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Questions and Questionnaires, Part 2

In Part Two of the thread on Questions and Questionnaires, Theresa Sidebotham gives an overview of whether certain types of questions in employment pre-screening for missions are likely to implicate legal issues.

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Can You Fire an Employee who Refuses to Participate in an Internal Investigation? The 2nd Circuit Says Yes.

When an employee is accused of misconduct, particularly when those allegations are criminal in nature, conducting an internal investigation is a best practice. But what is an organization to do when the alleged offender refuses to show up for an interview? May it go so far as to fire the employee, even if that means the employee loses out on benefits or other compensation? A recent case from the Second Circuit Court of Appeals says it can.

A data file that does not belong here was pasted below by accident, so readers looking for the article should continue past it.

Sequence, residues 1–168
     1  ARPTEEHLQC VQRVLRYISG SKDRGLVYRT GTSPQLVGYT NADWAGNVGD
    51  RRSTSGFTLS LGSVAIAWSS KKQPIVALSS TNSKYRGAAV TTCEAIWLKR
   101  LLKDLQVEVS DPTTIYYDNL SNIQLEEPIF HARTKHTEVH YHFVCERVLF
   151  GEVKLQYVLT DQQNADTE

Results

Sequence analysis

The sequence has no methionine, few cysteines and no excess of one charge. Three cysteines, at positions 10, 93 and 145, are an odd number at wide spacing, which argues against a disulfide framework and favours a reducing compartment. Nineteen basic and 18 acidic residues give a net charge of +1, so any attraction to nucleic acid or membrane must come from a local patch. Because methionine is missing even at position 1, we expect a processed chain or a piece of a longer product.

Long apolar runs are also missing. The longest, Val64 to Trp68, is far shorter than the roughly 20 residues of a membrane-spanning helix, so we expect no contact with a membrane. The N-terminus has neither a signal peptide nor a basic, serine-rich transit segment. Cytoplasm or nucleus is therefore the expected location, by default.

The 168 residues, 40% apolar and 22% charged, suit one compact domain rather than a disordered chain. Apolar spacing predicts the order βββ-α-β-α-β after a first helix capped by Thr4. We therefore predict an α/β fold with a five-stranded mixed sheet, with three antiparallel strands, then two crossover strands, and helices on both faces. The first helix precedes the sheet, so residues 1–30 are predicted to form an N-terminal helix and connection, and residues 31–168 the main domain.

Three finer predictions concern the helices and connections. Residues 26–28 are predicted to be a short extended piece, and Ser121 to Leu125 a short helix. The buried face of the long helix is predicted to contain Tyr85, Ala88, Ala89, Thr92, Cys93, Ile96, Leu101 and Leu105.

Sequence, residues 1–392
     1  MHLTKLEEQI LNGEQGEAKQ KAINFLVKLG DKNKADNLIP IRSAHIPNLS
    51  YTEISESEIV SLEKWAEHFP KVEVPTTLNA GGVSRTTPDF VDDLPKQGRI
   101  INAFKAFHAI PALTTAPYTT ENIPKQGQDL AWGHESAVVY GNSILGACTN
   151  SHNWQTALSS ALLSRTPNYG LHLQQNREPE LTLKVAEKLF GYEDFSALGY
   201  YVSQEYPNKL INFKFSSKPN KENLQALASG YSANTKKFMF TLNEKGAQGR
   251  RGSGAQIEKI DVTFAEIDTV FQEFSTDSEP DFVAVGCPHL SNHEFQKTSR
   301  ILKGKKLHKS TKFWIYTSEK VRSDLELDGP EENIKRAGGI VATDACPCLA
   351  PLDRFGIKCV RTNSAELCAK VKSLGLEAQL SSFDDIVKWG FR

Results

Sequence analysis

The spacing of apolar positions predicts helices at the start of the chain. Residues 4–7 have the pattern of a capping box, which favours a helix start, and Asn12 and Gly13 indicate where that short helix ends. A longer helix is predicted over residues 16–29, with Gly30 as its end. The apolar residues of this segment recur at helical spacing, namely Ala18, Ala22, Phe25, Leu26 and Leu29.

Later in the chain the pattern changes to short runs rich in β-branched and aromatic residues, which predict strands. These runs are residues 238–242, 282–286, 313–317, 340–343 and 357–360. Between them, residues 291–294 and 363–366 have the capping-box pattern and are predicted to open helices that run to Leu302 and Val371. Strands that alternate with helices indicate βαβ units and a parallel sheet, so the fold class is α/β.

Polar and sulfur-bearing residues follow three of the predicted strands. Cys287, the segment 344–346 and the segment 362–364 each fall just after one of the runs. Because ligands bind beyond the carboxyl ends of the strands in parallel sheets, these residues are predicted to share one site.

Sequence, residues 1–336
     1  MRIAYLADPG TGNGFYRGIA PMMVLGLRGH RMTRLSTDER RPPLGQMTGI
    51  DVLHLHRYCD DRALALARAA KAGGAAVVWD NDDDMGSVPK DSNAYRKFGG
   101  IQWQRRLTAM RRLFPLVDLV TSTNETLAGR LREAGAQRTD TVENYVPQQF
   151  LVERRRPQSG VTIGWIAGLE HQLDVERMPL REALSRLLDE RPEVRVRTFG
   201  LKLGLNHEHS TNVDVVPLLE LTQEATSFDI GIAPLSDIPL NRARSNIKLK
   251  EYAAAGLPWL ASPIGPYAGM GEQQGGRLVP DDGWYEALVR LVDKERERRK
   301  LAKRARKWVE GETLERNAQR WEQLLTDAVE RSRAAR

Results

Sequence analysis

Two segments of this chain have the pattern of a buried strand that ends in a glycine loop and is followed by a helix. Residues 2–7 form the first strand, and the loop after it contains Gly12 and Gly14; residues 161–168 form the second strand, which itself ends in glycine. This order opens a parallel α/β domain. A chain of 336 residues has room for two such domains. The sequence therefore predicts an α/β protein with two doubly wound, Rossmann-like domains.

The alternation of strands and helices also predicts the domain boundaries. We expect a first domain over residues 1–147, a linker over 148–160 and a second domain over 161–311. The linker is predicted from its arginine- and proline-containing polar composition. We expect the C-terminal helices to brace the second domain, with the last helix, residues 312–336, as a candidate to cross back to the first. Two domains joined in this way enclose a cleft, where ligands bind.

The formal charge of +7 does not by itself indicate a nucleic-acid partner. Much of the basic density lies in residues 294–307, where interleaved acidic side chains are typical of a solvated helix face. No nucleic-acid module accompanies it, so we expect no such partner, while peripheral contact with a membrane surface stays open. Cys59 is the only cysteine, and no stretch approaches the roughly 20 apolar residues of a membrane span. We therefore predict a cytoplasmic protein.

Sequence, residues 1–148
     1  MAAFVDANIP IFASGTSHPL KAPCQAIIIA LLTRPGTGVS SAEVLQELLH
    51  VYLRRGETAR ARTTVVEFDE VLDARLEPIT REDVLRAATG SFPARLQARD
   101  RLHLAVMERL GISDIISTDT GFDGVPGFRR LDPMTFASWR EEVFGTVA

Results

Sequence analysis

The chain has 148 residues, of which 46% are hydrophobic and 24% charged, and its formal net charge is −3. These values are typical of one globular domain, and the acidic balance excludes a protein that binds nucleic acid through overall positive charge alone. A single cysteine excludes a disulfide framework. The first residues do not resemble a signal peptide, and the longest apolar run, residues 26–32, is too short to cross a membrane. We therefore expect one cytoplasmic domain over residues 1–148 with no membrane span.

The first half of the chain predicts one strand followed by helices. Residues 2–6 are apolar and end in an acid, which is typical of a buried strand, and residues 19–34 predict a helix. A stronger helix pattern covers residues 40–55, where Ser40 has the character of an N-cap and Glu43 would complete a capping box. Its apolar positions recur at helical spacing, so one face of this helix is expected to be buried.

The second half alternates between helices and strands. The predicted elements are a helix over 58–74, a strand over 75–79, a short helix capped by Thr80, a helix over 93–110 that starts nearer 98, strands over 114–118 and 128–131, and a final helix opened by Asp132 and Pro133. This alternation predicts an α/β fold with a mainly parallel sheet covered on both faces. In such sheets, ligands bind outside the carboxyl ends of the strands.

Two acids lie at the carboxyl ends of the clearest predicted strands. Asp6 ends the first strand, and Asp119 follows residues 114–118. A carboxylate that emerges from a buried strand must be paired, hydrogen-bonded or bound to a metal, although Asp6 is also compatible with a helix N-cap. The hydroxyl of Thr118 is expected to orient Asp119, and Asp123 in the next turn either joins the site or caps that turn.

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Part 6: Legal Problems with Pre-Employment Evaluations

There has been a lot of back and forth about how the mission must take care during prefield screening not to run afoul of the ADA. I agree. Under the ADA, before you can give an applicant a “medical examination,” which includes most psychological screenings, you have to first consider all the non-medical information and hand out a conditional offer.

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